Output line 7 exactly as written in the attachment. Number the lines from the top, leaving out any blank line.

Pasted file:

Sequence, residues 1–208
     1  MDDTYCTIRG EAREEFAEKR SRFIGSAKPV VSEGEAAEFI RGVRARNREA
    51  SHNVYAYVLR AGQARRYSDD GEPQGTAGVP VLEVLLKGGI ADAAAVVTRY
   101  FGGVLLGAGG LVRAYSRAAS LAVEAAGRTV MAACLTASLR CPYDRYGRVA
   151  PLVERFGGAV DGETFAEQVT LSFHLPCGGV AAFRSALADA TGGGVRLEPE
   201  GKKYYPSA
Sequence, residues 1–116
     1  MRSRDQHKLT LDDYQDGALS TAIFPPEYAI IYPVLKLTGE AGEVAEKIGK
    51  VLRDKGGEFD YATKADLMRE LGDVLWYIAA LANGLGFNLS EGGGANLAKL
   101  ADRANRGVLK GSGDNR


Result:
Sequence, residues 1–116